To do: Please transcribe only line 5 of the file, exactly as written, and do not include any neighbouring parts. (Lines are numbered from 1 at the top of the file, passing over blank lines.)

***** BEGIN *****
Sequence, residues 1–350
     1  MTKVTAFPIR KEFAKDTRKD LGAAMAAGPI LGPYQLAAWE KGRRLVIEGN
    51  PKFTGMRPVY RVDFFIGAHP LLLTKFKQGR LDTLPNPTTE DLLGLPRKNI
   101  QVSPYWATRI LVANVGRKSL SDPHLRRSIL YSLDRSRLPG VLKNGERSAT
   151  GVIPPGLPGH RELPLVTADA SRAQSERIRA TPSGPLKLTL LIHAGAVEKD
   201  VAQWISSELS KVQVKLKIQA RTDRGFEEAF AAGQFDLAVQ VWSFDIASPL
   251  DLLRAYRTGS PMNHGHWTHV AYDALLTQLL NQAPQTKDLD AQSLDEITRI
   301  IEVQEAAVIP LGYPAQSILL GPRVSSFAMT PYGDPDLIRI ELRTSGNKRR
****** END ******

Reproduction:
   151  GVIPPGLPGH RELPLVTADA SRAQSERIRA TPSGPLKLTL LIHAGAVEKD